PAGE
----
Re: [asa] LHC, TOE, and the limits of knowledge

From: David Clounch <david.clounch@gmail.com>
Date: Sat Sep 20 2008 - 14:43:15 EDT

On Thu, Sep 18, 2008 at 1:59 PM, Dehler, Bernie <bernie.dehler@intel.com>wrote:

> I think your designs also evolve.
>
Not in the biological sense. Not even in the chemical sense. It's
scientifically inaccurate to conflate the evolution of galaxies, for
example, with biological evolution. Even if both are completely natural.

One example: biological evolution has to do with biological populations, not
biological individuals.

I've said for years that Fords evolve. In the historical sense. Obviously
the model-T came first, then the Mustang. (The edsel died out). Why cannot
creationists recognize that historical evolution can be determined
scientifically? But this is a matter of scientifically determining
historical fact. Not of determining driving causes.
Its historical evolution, not biological evolution. We must be clear as to
the difference.

Computer design has nothing to do with biological populations.
You may as well argue that rocks evolved into Roman arches all on their own,
without a higher intelligence than rock-hood intervening (I refer to the
Romans).

As to the theory of computer design is evolution in action....

Let's ask, tongue-in-cheek, what if you or I were supernatural? Would you
then say the same about computer design? That what we are doing is
evolution? Or would the design then be disallowed because a divine foot
(supernatural foot) cannot be allowed in the door of evolution? See the
problem this causes?

How do we know humans don't have a Divine Spark? Are you going to force
everyone who does science to assume no Divine Spark in intelligent (in this
case intelligent human beings).

This is one reason intelligence is commonly ruled out as governing natural
processes.
If its intelligence-driven then by definition its not natural. This is why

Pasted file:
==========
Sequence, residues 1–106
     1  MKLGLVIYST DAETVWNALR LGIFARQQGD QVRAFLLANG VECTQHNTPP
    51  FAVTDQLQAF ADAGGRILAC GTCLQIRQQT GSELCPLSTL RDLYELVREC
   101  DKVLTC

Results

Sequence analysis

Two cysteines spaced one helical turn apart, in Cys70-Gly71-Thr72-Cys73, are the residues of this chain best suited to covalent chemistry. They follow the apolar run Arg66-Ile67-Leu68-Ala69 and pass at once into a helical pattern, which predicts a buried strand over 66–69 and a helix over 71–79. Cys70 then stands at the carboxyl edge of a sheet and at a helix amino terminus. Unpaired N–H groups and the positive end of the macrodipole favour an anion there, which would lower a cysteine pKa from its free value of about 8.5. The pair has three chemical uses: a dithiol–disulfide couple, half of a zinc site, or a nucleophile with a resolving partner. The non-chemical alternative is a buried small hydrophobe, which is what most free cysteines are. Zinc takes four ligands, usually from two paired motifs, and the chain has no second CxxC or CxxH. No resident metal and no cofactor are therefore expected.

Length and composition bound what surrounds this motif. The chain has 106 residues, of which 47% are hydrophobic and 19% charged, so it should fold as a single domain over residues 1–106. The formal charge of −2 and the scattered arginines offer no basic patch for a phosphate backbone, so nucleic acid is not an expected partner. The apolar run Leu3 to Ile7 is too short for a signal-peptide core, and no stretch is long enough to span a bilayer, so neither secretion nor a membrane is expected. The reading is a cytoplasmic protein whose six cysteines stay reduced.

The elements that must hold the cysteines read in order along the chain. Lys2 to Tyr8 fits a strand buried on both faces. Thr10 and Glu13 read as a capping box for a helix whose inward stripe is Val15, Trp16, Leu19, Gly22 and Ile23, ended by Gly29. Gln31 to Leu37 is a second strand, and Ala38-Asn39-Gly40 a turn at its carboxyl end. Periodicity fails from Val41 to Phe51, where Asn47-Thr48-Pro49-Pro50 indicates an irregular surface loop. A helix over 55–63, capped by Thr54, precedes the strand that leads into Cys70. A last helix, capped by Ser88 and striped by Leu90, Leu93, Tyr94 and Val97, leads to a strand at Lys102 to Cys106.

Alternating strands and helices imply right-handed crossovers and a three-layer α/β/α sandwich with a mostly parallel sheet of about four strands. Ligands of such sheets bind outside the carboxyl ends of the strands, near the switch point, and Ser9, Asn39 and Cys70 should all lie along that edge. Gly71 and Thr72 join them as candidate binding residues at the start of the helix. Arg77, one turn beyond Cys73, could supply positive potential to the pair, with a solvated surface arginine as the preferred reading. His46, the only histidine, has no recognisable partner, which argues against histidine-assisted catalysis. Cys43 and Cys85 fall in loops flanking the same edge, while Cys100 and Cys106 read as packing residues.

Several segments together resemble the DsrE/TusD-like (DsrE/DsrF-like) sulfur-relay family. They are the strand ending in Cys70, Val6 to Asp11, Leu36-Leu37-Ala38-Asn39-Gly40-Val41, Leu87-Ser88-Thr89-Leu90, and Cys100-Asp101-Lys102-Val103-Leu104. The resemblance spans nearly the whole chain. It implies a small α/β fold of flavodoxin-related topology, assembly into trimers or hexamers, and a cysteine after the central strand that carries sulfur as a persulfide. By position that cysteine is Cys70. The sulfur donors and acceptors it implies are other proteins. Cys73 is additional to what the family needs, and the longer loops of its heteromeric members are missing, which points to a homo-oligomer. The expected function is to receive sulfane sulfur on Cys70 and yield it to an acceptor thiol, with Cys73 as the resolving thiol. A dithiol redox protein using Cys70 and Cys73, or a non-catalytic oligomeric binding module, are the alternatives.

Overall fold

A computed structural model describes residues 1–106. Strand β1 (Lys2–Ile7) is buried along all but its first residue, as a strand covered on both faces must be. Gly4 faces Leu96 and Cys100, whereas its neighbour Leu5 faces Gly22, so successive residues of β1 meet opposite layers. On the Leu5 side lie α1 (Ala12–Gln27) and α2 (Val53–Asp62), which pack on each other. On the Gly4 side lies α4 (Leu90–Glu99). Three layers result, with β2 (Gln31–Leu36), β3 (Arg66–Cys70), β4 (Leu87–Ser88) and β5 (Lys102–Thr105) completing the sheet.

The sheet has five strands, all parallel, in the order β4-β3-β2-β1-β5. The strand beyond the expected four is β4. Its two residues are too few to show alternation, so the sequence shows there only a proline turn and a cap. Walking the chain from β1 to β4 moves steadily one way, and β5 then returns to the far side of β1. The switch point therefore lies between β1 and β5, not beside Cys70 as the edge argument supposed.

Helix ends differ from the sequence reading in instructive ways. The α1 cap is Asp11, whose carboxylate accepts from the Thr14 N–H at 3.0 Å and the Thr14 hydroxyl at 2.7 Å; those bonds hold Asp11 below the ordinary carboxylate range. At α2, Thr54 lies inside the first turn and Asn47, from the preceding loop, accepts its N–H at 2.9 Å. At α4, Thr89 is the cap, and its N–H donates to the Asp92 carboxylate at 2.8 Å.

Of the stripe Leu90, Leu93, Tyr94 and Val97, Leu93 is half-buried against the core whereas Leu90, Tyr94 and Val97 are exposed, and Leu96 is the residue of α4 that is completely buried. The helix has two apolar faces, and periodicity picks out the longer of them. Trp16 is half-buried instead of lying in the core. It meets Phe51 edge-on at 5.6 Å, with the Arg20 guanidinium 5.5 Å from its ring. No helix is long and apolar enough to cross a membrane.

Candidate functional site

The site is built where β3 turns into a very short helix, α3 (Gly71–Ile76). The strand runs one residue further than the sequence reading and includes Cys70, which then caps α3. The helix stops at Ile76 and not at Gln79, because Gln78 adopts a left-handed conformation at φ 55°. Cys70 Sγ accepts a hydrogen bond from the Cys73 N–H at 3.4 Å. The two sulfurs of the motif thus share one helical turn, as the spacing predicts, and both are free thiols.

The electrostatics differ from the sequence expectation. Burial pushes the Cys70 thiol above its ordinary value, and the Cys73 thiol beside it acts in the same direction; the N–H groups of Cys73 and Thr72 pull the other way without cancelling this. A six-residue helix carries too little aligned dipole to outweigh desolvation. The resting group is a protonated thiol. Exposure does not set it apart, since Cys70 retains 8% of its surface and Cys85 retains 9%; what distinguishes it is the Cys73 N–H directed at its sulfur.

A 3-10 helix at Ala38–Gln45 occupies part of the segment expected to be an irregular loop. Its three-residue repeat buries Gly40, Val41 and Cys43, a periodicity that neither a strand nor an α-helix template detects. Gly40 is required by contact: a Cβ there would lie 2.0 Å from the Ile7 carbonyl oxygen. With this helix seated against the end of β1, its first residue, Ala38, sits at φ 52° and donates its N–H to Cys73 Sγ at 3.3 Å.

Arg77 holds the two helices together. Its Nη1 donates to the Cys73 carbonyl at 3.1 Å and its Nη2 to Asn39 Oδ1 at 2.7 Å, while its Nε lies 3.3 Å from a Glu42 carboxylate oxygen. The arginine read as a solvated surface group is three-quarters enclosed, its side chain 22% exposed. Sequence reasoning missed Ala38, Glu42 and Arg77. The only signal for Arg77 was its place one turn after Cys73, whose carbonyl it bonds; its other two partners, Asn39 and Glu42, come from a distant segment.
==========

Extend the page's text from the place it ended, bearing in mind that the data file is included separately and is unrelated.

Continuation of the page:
the hunt for measuring intelligence is forbidden.

A TE, seems to me, might argue that yes a divine intelligence could
design computer systems, and many other things, and that this wouldn't make
computer engineering non-science. Do I understand TE correctly? If so,
sounds like you are merely stating a TE belief of some sort. Is that what
you are saying?

But Bernie, I also think it sounds like you could be very close to the
position of Paul Davies in Cosmic Jackpot.
At the end of the book Davies postulates a superintelligence outside the
universe that has programmed a supercomputer simulation of the entire
universe, including all particles and particle interactions. He indicates
that creatures inside this simulation couldn't easily tell the difference
between that all-natural intelligent designer and the supernatural (God).
Its an amazing position thats very close to ID, albeit not a Christian type
of ID.

I haven't heard anyone criticizing Davies, BTW.

My conclusion is you are referring to historical evolution, not biological
evolution. Confusing the two harms science education.

You're not going to do thousands of cores until you do a few. Even the
> creativity you have in creating new architectures is born out of previous
> experience gained personally and from others. None of your designs are by
> fiat, which I think is the opposite of evolution.
>
>
>
> Sure- evolution also makes bad things, but I also think it makes all the
> wonderful things. I like how CS Lewis talks about it in his last chapter of
> "Mere Christiainty" and uses evolution for an analogy for a spiritual sense.
>
>
>
> I also work in computer design.
>
>
>
> …Bernie
>
>
> ------------------------------
>
> *From:* David Clounch [mailto:david.clounch@gmail.com]
> *Sent:* Thursday, September 18, 2008 6:19 AM
> *To:* Dehler, Bernie
> *Cc:* asa@calvin.edu
> *Subject:* Re: [asa] LHC, TOE, and the limits of knowledge
>
>
>
> Bernie,
>
>
> That's evolution- creating new and wonderful things that can't be imagined
> in the present state.
>
>
> --
>
> Forgive me for saying this, but thats NOT what evolution is. I hate to
> be nit-picky about accuracy of terminology. But the subject of evolution
> is far too important to not seek precise language from scientists.
>
> Controversies over biological evolution have nothing to do with the change
> over time of human electronics technology. Humans design their changes in
> technology. That is what I get paid to do, btw. Design technology. I am
> working on a machine that has hundreds of thousands of cores.
>
> Best Regards,
> David Clounch
>
>

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Received on Sat Sep 20 14:43:55 2008

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